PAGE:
Forecast for the Skyline Area Mountains

Issued by Brett Kobernik for Sunday, March 10, 2019 - 7:10am
The avalanche danger is mostly MODERATE. This means human triggered avalanches are possible. The snow should be fairly well behaved again today but there may be a location with recent wind drifted snow that could be triggered.
Make sure everyone is carrying a beacon, shovel and probe and knows how to use them. Only put one person on a steep slope at a time and don't regroup at the bottom of steep slopes.
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Weather and Snow
Light snow showers on Saturday produced a trace to an inch of new snow. Temperatures stayed fairly cool in the higher terrain and the snow quality remains excellent in many locations. Overnight, the temperatures dipped into the teens once again. Southwest wind is very light in speed.
We'll see clouds and the possibility for snow during the day today. Wind should remain light. The weather pattern remains unsettled through the week. You gotta love when the National Weather Service forecast looks like the images below! While there are lots of upcoming chances for snow, none of the periods look real significant as far as accumulations. I'm thinking we could see around 10 inches of more snow by Thursday.
Recent Avalanches
I stumbled onto one avalanche right at the end of my day on Saturday. MORE DETAILS HERE. It released naturally late Thursday during a slight increase in wind speed. It was in an odd location in Meadow Fork that I haven't seen avalanche before on a NNW facing slope. It took out all the snow from the past week which was about 3 feet deep. This is the only natural avalanche that I've seen in the higher terrain this week. I don't believe that this is a significant indicator of other possible avalanches today. I think this avalanche is more of an "outlier" as I haven't seen others like it. That said, poor visibility has limited travel during the week and it's possible there are others similar to this.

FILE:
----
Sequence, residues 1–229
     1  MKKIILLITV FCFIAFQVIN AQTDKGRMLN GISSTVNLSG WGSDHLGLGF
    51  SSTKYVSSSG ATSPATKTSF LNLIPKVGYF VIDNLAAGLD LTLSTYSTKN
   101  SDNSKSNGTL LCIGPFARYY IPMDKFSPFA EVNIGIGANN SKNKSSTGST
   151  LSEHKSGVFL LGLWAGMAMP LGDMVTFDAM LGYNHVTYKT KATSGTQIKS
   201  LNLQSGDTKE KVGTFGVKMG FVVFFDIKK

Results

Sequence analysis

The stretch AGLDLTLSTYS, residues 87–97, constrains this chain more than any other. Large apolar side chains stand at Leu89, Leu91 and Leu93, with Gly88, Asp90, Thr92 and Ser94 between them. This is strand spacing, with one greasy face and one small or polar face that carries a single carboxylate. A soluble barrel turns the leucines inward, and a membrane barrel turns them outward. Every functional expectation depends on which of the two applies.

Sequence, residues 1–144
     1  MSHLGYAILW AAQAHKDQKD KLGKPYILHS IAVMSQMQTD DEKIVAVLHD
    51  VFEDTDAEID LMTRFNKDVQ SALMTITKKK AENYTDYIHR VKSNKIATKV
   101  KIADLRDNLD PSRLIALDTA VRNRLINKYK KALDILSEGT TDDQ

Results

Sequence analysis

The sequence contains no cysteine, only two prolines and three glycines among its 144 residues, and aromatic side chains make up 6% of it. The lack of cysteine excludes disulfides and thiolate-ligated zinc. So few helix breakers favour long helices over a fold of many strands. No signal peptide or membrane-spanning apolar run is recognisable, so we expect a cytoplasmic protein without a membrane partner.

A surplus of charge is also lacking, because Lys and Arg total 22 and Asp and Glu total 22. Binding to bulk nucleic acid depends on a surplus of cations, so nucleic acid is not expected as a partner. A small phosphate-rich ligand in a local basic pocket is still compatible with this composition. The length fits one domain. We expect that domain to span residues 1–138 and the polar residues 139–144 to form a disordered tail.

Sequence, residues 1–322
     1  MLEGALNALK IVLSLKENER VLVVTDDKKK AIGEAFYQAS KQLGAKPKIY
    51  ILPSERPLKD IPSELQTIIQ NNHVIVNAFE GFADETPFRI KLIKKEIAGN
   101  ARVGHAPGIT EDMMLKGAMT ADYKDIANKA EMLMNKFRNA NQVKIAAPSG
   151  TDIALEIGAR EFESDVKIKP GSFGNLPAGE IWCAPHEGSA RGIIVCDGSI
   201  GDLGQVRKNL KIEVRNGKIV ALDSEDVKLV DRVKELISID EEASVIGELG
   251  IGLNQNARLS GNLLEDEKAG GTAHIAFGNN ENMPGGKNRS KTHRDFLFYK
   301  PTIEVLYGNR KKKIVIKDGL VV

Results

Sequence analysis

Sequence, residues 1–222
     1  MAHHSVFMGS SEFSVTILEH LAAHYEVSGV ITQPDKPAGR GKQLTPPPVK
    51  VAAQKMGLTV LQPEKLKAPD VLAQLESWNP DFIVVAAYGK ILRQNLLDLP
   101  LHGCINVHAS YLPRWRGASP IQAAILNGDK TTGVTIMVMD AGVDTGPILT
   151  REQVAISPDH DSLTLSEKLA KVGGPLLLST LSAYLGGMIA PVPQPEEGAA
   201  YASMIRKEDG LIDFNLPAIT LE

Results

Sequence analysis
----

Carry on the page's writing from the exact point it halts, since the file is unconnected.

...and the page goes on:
Avalanche Problem #1
Wind Drifted Snow
The most likely place to trigger an avalanche today is on a very steep slope that has had wind drifted snow loaded onto it recently. Most of these drifts will have stabilized by today but there could be a few that might be sensitive to a person or machine still. The most likely places are along the east sides of the upper ridgelines. However, watch for wind drifted snow just below ridgelines on any aspect. The avalanche detailed above is a prime example of a place you normally wouldn't expect to find an avalanche.
Avalanche Problem #2
Persistent Weak Layer
There is a slight chance that a person could trigger an avalanche that breaks into old weak sugary snow near the ground. The most likely places where this could happen is in areas with a shallow snowpack in the 4 foot total depth range. Mid elevations between 8000 and 9500 feet are also where you might find this problem. All the new snow over the last week has certainly added stress to these layers. In areas with a deeper snowpack, this is not such a concern.
Additional Information
Two items for today -
Terrain and terrain traps: note that some terrain is forgiving (nice open runout zones) and some is not. This must be part of the calculus if the snow doesn't agree with your assessment of it. Will you get carried over a cliffband, buried more deeply in a gulley or slope transition, or bashed through the trees? Use terrain to your advantage.
This forecast is from the U.S. Forest Service, which is solely responsible for its content. This forecast describes general avalanche conditions and local variations always occur.

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